Regarded as one of the main writers of modern Japanese literature, Tanizaki was known for his depictions of sexual and erotic obsessions and changing cultural identities in 20th Century Japan. He is best known for his novels, The Makioka Sisters, A Cat, A Man, and Two Women, Quicksand, Some Prefer Nettles, Naomi, and essays such as In Praise of Shadows. One of Japan’s most respected literary prizes, The Tanizaki Prize, is named after the author.
Tanizaki’s novel The Makioka Sisters is set in the build up to and during the Second World War and is about a family - in particular, four sisters - living in Osaka. This famous city is one of the largest in the entire country and is sometimes referred to as Japan’s kitchen because of its famously good seafood. Osaka has many famous attractions and districts such as Dotonbori and you can read more about the city in our various guides, from the history of Osaka Castle to the shopping of Grand Front Osaka too.
Nobel Prize winner Kenzaburo Ōe is one of Japan’s major literary figures. He was awarded the Nobel Prize for Literature in 1994 in recognition of his works, in particular using ‘imagined worlds’ to form a picture of today’s ‘human predicament’. His literary interests and themes include nuclear weapons and power, social non-conformism, and existentialism.
Kenzaburo Oe’s novel The Silent Cry is set in rural Shikoku, which is famous for its deciduous forests and rugged mountains. If you fancy a literary adventure that takes you off the beaten path, then this could be for you. The beautiful Iya Valley on Shikoku features in our guide to The Most Remote Places in Japan if you’d like to find out more about this stunning and picturesque hideaway.
The writer Yasunari Kawabata also took his own life after hearing of his friend Yukio Mishima’s death. A famous and celebrated author in his own right, Kawabata was another Japanese recipient of the Nobel Prize for Literature - the first author from Japan even to win the award. Although he is best known for his novel Snow Country (as mentioned below), his short story The Izu Dancer is set in the vicinity of the famous Kawazu Seven Waterfalls above Kawazu town in the Izu Peninsula.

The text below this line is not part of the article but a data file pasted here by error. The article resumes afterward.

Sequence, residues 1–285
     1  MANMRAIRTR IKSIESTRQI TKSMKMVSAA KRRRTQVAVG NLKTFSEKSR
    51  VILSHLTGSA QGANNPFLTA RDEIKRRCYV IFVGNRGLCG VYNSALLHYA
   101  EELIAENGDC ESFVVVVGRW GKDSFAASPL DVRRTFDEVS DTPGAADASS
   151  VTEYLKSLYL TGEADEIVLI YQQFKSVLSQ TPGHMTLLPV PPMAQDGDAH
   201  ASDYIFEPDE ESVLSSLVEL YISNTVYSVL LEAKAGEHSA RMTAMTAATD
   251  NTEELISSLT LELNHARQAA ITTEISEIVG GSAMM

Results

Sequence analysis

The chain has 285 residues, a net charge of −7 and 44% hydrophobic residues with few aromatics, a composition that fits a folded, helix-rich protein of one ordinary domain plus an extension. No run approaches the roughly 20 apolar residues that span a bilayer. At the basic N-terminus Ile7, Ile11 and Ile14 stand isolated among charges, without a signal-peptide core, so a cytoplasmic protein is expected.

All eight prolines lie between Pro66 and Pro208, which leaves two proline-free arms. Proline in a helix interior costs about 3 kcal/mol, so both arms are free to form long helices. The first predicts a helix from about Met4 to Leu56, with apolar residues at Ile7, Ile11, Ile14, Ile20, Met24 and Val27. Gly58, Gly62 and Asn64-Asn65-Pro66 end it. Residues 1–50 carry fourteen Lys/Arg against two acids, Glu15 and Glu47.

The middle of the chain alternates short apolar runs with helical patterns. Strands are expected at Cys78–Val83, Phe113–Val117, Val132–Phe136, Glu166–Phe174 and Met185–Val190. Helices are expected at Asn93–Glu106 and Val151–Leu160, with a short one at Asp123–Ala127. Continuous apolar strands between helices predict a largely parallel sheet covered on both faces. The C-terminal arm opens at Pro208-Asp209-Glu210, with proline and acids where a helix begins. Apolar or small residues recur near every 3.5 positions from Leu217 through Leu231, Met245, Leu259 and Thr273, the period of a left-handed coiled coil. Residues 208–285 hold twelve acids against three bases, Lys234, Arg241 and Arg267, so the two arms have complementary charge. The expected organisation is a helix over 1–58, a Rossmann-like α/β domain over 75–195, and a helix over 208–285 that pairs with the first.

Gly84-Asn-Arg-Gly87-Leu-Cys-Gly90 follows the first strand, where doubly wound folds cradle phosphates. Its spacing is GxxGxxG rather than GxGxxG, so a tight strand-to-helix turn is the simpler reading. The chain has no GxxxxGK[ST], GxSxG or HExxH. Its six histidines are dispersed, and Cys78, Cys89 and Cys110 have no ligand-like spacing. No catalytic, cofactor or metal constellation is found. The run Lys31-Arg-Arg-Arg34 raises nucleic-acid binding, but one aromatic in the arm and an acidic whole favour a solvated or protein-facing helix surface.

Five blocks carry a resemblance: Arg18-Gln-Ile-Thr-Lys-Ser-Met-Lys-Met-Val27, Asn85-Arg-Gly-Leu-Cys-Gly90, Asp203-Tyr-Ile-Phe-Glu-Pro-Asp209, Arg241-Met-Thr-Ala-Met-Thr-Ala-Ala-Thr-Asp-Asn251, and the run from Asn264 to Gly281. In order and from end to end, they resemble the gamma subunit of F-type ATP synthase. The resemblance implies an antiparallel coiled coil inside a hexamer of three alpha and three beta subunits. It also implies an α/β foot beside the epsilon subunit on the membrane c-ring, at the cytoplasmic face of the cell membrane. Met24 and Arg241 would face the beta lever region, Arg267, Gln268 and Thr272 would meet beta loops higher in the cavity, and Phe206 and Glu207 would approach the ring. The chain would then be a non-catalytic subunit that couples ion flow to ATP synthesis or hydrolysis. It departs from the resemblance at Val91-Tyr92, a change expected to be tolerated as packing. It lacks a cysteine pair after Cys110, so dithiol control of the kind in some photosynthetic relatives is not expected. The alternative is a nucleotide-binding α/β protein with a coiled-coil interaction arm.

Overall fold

Arguably Kawabata’s most famous work, Snow Country, was set in the snowy onsen town of Yuzawa in Niigata, which is known as one of the best towns in Japan to enjoy winter snow. Niigata Prefecture is something of a hidden gem. Nestled between epic mountains and stretching coastline along the Sea of Japan, Niigata is home to all manner of different landscapes, each more beautiful than the last. In its snow-capped mountains you have countless hot springs and ski resorts that include some of Japan’s best, while down on the coast there are pristine beaches and interesting seaside scenery. But there’s also a lot of culture here to absorb, whether that be drinking sake or watching fireworks. For more on visiting Niigata, read our Niigata Prefecture Travel Guide
A novelist and poet of children’s literature, Miyazawa’s works have a strong relationship with the agricultural landscape in which he was raised. Among Miyazawa’s most famous works was the story Night on the Galactic Railroad. Although a fantasy story, it was said to be inspired by a railway journey the author took after the death of his sister. Miyazawa grew up in the Tōhoku region and there is a real-life train, the Iwate Galaxy Railway Line, running from Morioka Station to Metoki Station.
Located on the pacific coast of Tōhoku region, Iwate is known for its beautiful and scenic coastline - the Sanriku coast. Tōhoku is generally known as a rural region with ski resorts and hot springs spas, but it also has the Tohoku Shinkansen - one of the most modern and high-speed rail lines in the country.
Contemporary novelist Mitsuyo Kakuta may be one of the newer names on the list, but her award-winning books have proved extremely popular having been adapted into films and television series. Her novel The Eighth Day sold over a million copies and was made into a popular TV series. Kakuta is said to be working on a contemporary adaptation of The Tale of Genji, which as we mentioned earlier was the 11th Japanese book regarded by many as the world’s first novel.
- Gunma Prefecture
Featured in Kakuta’s award-winning novel Women on the Other Shore, Gunma is a mountainous, landlocked prefecture in the Kanto region, known for its hot spring onsen resorts. It is also home to Oze National Park, which is popular for hiking activities. It’s a great place to explore and wind down with a good book.
Of course, this short list is just the tip of the iceberg for lovers of Japanese literature. The country has a huge number of authors past and present for you to enjoy who we have not had time to include here such as Yoko Ogawa (The Memory Police), Hiromi Kawakami (Strange Weather in Tokyo and The Nakano Thrift Shop), Osamu Dazai (Schoolgirl and No Longer Human), Sayaka Murata (Convenience Store Women), Ryu Murakami (In the Miso Soup), Matsuo Basho (The Narrow Road To The Deep North), and many more. Be sure to try reading some of these notable Japanese books if you’re an avid reader.